2016 repress. "Starting with this release (despite the fact that its catalog number numerically precedes ZEITC 017CD), Die Schachtel switches its Zeit Composers series to the vinyl format and begins opening up to international artists besides the usual Italian suspects. This LP features the collaborative effort of Belgium-based composer Giovanni di Domenico (of Italian origins) and avant-everything master Jim ORourke. A long composition for strings and electronics, Arco is a piece for sustained tones and drones, vividly immersive and almost physical. The subtly shifting tones, the way the overtones interact with each other, the evolution of the piece, are all impeccable, much in the vein of acclaimed composers like Catherine Christer Hennix, Éliane Radigue, and David Behrman, although with a "warmer" soul. It explores the antinomy between stillness and movement, building toward a hypnotic (and rewarding) aural experience. In Giovanni di Domenicos words: "Arco is born out of two necessities, strongly interrelated: 1) creating a sonic space where the concept of waiting (patience?) can turn into form, and 2) doing this together with Jim ORourke, a musician who finds in form and its use his true greatness; The structure of the composition is quite simple: it is based on a cell of four repeated notes (the DNA of the piece), forming a melodic/harmonic texture which slowly freezes into suspended, levitating chords, in which the passing of time itself becomes a sort of harmonic extension, and in which the strings and the splendidly rich sonic palette of the electronics fuse into the true essence of Form." Each LP contains a 90x30cm-long tri-folded silver-and-black offset art print designed by Dinamomilano. Edition of 350. Giovanni di Domenico: string score; Jim ORourke: electronics. Ananta Roosens and Benoit Leseure: violins; Nicole Miller and Jef Durdu: violas; Marine Horbaczewski and Jean-Philippe Feiss: cellos." - Die Schachtel.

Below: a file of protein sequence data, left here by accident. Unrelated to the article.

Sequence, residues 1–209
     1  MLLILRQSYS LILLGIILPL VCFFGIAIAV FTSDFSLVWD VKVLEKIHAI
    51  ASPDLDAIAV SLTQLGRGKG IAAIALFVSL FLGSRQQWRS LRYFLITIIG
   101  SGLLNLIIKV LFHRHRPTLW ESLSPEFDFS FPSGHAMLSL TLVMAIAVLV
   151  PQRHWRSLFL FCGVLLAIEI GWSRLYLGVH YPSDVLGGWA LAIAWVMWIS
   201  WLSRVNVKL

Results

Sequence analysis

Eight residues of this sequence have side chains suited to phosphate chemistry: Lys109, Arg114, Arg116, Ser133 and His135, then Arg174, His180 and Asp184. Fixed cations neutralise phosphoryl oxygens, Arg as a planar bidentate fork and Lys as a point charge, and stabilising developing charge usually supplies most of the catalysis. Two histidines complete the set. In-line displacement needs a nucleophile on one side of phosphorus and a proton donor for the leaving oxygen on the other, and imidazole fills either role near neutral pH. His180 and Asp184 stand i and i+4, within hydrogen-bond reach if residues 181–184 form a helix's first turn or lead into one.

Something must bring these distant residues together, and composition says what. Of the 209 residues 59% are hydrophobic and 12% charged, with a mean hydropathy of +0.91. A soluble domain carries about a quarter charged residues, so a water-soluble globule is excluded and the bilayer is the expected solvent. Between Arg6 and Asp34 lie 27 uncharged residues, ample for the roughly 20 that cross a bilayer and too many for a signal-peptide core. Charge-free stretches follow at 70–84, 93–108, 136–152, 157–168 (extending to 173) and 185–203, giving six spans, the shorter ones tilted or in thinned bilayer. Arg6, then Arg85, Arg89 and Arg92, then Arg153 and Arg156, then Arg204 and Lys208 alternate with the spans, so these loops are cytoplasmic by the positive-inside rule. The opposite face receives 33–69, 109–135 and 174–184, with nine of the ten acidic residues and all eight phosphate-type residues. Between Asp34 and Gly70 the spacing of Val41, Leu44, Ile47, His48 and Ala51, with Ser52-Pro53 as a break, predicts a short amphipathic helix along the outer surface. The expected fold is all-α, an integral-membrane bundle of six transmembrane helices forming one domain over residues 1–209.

After nearly a decade of false starts, multiple game plans veering off the rails, and a handful of shattered hopes and/or dreams, the odyssey is finally complete—the new Fusetron site is here.
This is the first phase of a multipart rollout that will span the next few months: the currently browsable stock includes miscellaneous new releases from the past 8+ months (we have a lot of catching up to do), plus approximately a third of our backstock. Note that we’ve reduced/slashed prices on many titles and will continue to do so in order to make room for new stock. We’ll also be expanding / tweaking / improving / debugging the site itself (for example, we still have work to do on the automated international postage system, not to mention the inevitable inventory discrepancies that come with transferring an ancient and massive database to a new system).
Over the next few months, as we take inventory, clean house, and delve into our storage, we will be uploading thousands of additional items, gradually, on a near-daily basis. This will include the majority of the LPs, as well as many titles, in all formats, once thought long-gone. Many currently “sold out” items are likely to resurface.
Finally, once our general backstock is up (probably in the next two or three months) we’ll begin making our extensive stockpile of rarities available online for the first time: tons of random out-of-print titles, "deadstock," warehouse finds, secondhand collectibles, etc., accumulated over the past few decades.
Frequent/returning customers will be getting early access to these items. Details to follow on how this will work (a priority mailing list? a 'frequent flyer'-like program?), but it will not be based on dollars spent. We want to reward those who consistently support us, especially in the discogs marketplace era (to those who show up trying to poach five copies of a one-off rarity, and nothing else, ever… ¯\_(ツ)_/¯ ).
So—we suggest you take some time to dig through the site—even we’ve been surprised by what’s been turning up, and there’s much more to come.